Nicole Pacchiarini is a PhD student at Cardiff University investigating how memory is represented in the brain. Her aim is to link the fields of Psychology and Biology by using established methods from each subject to answer important scientific questions. Come & meet Nicole at Soapbox Science Cardiff , where she is going to speak about “How does the brain remember?”.
SS: Nicole, how did you get to your current position?
NP: Being in my first year of my PhD I am the definition of “early career scientist” so my experience is not as extensive as some of the other Professors and Doctors who are speaking. However, my journey to get to my doctorate program is still very fresh in my mind and the courses I undertook are still available to apply for now. My BSc degree was a joint honors course in Psychology and Cognitive Neuroscience at the University of Manchester. This course allowed me to gain knowledge and experience in both fields, as at the time, I did not know which area I preferred. Following this I attended King’s College London and specialised in an MSc in Neuroscience. Here I gained some valuable laboratory experience working in the area of Schizophrenia research. Whilst extremely interesting and exciting, this work made me realize that although it is very important to try and understand disease, we do not yet understand memory in a healthy brain. Consequently, this is the focus of my current work!
SS: What, or who, inspired you to get a career in science?
NP: From a very early age my grandfather was a huge inspiration for me. He was extremely passionate about science and medicine and would often recall his elaborate stories from medical school. In later years he helped me revise, often going into far too much intricate detail than what was needed but his lessons were so captivating we would both get carried away. With very linguistic and creative parents who are not scientific at all, it was his passion that resulted in my pursuing a career in science.
SS: What is the most fascinating aspect of your research/work?
NP: Using cutting edge methods to unravel the answer to a question is very exciting to me. Although I am very early on in my work, it is fascinating trying to tackle challenges and problems and by the end of my doctorate I hope to have contributed new knowledge to this field.
SS: What attracted you to Soapbox Science in the first place?
NP: Firstly, I think it is really important for young scientists to get involved with public engagement. Children and students can really relate to you if you are around the same age. I would love to be a role model and show young people that I was in their shoes only a couple of years ago.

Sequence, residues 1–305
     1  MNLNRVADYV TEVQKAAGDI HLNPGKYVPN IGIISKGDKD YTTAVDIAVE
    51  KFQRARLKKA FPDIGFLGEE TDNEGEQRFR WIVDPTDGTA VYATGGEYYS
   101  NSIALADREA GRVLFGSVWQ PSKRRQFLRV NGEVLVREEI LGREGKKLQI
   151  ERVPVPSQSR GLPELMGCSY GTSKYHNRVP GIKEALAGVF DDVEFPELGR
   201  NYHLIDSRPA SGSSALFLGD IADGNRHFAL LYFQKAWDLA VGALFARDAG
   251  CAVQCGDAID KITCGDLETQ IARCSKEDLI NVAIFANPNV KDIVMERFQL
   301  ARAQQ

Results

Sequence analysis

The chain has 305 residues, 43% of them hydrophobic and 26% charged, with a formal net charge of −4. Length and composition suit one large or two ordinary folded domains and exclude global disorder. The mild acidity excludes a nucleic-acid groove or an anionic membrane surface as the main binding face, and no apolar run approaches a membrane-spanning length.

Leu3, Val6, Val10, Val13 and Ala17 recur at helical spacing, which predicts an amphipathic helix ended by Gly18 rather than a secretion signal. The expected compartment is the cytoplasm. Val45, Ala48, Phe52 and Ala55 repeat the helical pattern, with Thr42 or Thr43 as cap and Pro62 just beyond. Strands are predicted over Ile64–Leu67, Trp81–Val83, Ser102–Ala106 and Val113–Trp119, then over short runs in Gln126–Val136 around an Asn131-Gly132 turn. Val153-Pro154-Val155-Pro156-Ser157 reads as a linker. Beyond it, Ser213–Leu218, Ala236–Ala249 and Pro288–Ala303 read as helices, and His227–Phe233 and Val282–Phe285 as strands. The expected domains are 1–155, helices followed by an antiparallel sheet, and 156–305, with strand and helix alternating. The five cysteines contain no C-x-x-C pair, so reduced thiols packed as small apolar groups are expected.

Secondly, Soapbox Science is the perfect opportunity to talk to people who wouldn’t usually be exposed to these kinds of events; I came from a not so great school where events like these never happened and I therefore wanted to be more involved in events which target those children too.
SS: Sum up in one word your expectations for the day – excitement? Fear? Thrill? Anticipation?
SS: If you could change one thing about the scientific culture right now, what would it be?
NP: For me it would be the ‘publish or perish’ attitude there is in academia. I think this pressure to quickly and constantly publish academic work is resulting in a lot of poor work being submitted to academic journals. If there was less pressure, scientists may focus more on the quality of their experiments/findings as opposed to the number of papers cited.
SS: What would be your top recommendation to a female PhD student considering pursuing a career in academia?
NP: I am not in a position to give advice on a career in academia however one thing that I will say to anyone considering undertaking a PhD is not to give up after getting rejections. I had a fair few rejections for PhD posts that felt really demoralising at the time. You put a lot of hard work into your applications (which aren’t short) and receiving an automated rejection email with no reason as to why can feel pretty rubbish. I now realise that it is unbelievably competitive and funding is scarce so you can’t take it to heart and MUST NOT GIVE UP!